Autoclave Sterilization: Process & Guidelines

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  • 0:04 Sterilization
  • 1:10 Autoclave Basic Principles
  • 2:05 How Do Autoclaves Work?
  • 3:51 Confirming Sterilization
  • 4:21 Lesson Summary
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Lesson Transcript
Instructor: Jose Hernandez
This lesson will cover sterilization via an autoclave and how this equipment can be used in a wide range of fields to kill harmful organisms that survive conventional cleaning methods.


So what's sterilization and why is it so important in such a wide range of fields, such as hospitals, research facilities, and even tattoo parlors? Sterilization is the removal of all microbes, spores, and viruses from any piece of equipment that came in contact with potential hazardous materials.

In hospitals, the high cost of medical equipment makes sterilization an ideal method to not just destroy microbes but also is more cost effective. In a research facility, sterilization of media, equipment, glassware, and even plastic ware, is necessary to achieve results necessary for an experiment to succeed. In a more common setting, a tattoo parlor will need to sterilize its equipment between clients to avoid any possible infections.

A common method to sterilize equipment is by autoclaving. Autoclaving is the use of pressurized steam and high temperature to kill microbes, spores, or viruses that are hard to destroy using conventional disinfection methods. Autoclaves can be found in different sizes, from as small as a crock pot to bigger than conventional refrigerators, depending on its location and the main purpose of the autoclave.

Basic Principles of Autoclaves

Autoclaves use pressurized steam as their sterilization agent. The basic concept of an autoclave is to have each item sterilized - whether it is a liquid, plastic ware, or glassware - using direct contact with steam at a specific temperature and pressure for a specific amount of time. Time, steam, temperature, and pressure are the four main parameters required for a successful sterilization using an autoclave.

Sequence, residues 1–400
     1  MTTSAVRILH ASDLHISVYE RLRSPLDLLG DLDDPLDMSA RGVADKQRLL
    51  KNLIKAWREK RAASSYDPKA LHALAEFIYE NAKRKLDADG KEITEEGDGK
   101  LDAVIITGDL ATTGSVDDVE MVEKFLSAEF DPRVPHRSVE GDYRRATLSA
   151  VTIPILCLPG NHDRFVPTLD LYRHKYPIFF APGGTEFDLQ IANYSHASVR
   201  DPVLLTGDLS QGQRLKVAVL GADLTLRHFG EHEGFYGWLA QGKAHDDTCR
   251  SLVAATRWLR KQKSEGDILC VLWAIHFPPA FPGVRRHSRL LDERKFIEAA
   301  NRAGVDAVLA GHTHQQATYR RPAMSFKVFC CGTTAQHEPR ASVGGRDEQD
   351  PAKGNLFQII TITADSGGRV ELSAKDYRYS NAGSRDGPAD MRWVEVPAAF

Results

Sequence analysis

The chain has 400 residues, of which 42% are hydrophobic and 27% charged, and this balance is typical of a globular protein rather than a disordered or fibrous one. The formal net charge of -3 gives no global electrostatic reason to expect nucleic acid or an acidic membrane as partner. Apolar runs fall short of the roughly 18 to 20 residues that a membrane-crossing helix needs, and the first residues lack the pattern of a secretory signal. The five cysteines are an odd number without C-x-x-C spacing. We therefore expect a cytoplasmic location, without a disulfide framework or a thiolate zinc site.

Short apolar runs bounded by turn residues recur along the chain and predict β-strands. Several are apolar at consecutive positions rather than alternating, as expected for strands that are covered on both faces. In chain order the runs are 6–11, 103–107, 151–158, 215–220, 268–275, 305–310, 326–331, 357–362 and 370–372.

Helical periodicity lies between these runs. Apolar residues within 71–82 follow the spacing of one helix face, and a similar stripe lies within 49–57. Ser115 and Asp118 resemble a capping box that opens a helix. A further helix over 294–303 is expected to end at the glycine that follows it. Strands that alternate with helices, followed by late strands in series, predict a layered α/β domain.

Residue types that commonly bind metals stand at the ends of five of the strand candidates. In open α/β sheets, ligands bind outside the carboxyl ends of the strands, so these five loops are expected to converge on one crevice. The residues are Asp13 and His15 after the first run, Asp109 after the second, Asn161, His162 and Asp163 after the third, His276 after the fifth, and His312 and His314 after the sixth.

The amount of time and temperature required for sterilization depends on the type of material being autoclaved. Using higher temperatures for sterilization requires shorter times. The most common temperatures used are 121°C and 132°C. In order for steam to reach these high temperatures, steam has to be pumped into the chamber at a pressure higher than normal atmospheric pressure.

Now that we have covered the basic principle of how autoclaves use pressurized steam to sterilize contaminated materials, we will now go over how autoclaves operate.

How Do Autoclaves Work?

Items requiring sterilization, whether it is medical equipment previously used during surgical procedures or liquid media required for research experiments, are placed inside a chamber and sealed. As previously mentioned, steam used in autoclaves is pumped at pressures higher than normal atmospheric pressure. In order to achieve this, air inside the chamber needs to be removed. This step differs depending on the design of the autoclave.

The two main designs are gravity displacement sterilizer and high speed pre-vacuum sterilizer. The gravity displacement sterilizer utilizes a drain vent in which air is forced out by steam entering through the top or the side of the chamber. The high speed pre-vacuum sterilizer, as the name implies, is fitted with a vacuum pump that removes air, allowing steam to enter the chamber. Although the mechanism of removing air differs in these two designs, the final result in this step remains the same; to remove air from the chamber to allow steam to enter.

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